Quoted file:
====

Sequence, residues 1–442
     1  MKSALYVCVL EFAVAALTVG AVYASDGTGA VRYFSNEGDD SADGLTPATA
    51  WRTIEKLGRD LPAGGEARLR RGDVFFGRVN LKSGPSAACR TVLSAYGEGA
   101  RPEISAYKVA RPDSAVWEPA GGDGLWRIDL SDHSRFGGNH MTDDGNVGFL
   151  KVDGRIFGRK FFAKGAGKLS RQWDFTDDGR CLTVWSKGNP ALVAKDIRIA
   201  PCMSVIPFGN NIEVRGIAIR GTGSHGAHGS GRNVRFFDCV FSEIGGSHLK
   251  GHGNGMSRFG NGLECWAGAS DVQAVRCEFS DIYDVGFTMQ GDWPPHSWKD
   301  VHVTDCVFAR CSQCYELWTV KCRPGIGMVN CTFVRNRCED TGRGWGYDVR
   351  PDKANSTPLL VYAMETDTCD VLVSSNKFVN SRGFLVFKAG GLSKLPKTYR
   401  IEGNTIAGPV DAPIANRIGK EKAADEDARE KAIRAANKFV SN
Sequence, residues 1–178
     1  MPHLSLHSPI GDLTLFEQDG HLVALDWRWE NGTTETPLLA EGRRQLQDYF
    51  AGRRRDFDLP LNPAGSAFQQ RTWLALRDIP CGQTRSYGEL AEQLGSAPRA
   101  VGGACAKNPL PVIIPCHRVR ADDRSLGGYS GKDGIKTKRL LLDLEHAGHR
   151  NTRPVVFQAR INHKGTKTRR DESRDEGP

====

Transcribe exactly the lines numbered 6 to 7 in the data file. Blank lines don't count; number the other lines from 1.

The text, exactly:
   201  PCMSVIPFGN NIEVRGIAIR GTGSHGAHGS GRNVRFFDCV FSEIGGSHLK
   251  GHGNGMSRFG NGLECWAGAS DVQAVRCEFS DIYDVGFTMQ GDWPPHSWKD